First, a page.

Love and Theft are a duo that writes, records and performs honest, soulful country music. "We love performing" says Stephen Barker Liles. "The way we are recording now is the way our influences made records: live with a band. It's a lot more organic."
Eric Gunderson's earthy voice is the perfect complement to Stephen's high-altitude tenor. The guys happily share lead vocals, harmonize like a church choir, and bolster their band with their own guitar work. "Stephen and I have always been on the same page as far as the vision for Love and Theft and what we want it to be," says Eric.
While Johnny Cash and Orbison are both enormous influences, it might surprise fans to learn who the duo's favorite artist is. "Hands-down, Elvis," says Stephen. "My dad was really into him, so I got into him. I was all over Elvis growing up."
Coincidentally, both Stephen and Eric—who didn't meet until they were in their early 20s—were raised as pastors' kids, and their respective fathers fed them a steady diet of gospel, oldies and country. "Our parents didn't want us listening to secular music that much," says Eric. "But they'd let us listen to Elvis, Roy, the Nitty Gritty Dirt Band. It was cool to grow up that way, and that's still my favorite kind of music."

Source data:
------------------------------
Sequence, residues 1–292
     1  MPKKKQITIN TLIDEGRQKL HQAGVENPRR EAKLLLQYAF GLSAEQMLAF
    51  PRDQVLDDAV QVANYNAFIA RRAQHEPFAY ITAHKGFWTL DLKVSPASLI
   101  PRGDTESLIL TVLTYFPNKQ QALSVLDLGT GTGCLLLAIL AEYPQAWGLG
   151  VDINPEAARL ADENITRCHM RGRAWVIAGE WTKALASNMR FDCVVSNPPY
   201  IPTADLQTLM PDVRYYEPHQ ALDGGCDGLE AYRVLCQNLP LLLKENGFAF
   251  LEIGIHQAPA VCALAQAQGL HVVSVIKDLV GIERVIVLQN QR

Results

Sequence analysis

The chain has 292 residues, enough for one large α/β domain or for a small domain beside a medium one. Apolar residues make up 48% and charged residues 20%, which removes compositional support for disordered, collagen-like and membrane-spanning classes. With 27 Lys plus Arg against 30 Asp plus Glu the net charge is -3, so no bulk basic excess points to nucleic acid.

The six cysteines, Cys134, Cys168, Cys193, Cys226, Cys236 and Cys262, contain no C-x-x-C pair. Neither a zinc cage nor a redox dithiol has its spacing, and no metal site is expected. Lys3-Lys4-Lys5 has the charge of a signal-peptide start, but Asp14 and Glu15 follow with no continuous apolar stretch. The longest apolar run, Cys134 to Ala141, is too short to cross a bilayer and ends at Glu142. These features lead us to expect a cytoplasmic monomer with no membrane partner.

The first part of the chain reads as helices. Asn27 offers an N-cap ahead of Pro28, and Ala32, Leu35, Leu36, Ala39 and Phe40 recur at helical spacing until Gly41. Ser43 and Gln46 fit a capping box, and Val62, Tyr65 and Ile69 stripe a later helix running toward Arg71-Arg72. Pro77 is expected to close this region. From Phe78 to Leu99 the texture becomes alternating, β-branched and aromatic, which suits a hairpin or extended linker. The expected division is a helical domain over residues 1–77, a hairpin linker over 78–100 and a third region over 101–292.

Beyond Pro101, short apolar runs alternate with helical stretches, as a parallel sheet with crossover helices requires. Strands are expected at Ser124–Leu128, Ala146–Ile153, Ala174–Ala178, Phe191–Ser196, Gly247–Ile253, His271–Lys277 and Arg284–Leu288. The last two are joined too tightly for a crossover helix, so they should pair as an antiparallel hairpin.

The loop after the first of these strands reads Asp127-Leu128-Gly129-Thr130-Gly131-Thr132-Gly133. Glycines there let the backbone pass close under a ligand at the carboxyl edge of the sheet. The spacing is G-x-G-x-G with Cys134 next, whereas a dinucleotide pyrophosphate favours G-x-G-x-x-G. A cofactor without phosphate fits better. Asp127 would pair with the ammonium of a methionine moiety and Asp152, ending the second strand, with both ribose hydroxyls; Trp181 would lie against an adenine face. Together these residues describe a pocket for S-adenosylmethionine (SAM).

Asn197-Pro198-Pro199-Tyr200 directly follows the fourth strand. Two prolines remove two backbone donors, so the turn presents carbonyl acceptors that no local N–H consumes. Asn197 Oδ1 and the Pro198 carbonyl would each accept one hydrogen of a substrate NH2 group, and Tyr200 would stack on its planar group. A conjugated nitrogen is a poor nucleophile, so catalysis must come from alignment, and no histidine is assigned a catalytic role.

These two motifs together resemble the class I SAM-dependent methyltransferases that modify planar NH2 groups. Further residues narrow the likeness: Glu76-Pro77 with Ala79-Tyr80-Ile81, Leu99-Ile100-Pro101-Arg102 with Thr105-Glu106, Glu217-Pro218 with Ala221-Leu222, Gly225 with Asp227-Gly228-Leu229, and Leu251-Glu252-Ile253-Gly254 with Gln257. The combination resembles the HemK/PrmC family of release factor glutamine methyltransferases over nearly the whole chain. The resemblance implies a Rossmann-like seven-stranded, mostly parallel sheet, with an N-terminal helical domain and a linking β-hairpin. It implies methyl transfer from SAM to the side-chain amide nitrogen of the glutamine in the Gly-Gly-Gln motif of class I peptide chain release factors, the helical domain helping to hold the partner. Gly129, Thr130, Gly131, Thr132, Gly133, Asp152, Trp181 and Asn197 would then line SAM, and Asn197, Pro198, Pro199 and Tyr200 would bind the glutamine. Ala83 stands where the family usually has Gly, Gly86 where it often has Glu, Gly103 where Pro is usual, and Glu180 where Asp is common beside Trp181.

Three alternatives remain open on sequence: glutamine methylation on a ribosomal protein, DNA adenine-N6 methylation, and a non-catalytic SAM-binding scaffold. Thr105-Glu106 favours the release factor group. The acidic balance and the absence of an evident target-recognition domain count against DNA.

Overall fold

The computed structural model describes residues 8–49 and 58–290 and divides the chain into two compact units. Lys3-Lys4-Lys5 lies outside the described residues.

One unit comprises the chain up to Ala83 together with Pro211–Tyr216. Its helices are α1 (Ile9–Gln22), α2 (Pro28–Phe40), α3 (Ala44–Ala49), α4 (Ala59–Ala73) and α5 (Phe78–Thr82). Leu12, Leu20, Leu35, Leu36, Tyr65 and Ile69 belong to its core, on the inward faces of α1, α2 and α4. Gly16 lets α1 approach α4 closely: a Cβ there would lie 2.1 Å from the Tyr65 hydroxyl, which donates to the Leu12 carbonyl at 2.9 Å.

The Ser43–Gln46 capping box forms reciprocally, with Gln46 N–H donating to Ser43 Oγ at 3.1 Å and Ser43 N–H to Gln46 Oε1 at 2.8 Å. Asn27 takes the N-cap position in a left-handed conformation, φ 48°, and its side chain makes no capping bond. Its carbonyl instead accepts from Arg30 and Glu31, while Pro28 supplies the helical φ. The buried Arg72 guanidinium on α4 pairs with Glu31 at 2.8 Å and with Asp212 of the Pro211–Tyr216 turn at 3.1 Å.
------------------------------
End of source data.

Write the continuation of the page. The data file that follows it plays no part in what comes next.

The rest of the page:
Perhaps it was some divine intervention that led the friends to this point in their career. Eric and Stephen, after all, will be the first to tell you that their shared spirituality is a cornerstone of Love and Theft. In fact, both used to lead worship at their churches.
"That's how we got our start playing music. Our faith is a huge part of our lives," says Eric, pondering the fate of it all. "I feel like it was meant to be this way from the beginning. Our journey over the past four years was preparing us for where we're at now."
Which is squarely at the doorstop of a prosperous career in country music. With a young, vibrant sound, a captivating live show, and a passionate fan base, Love and Theft are poised to become the genre's next great duo.
“The way we are recording now is the way our influences made records: live with a band. It's a lot more organic.”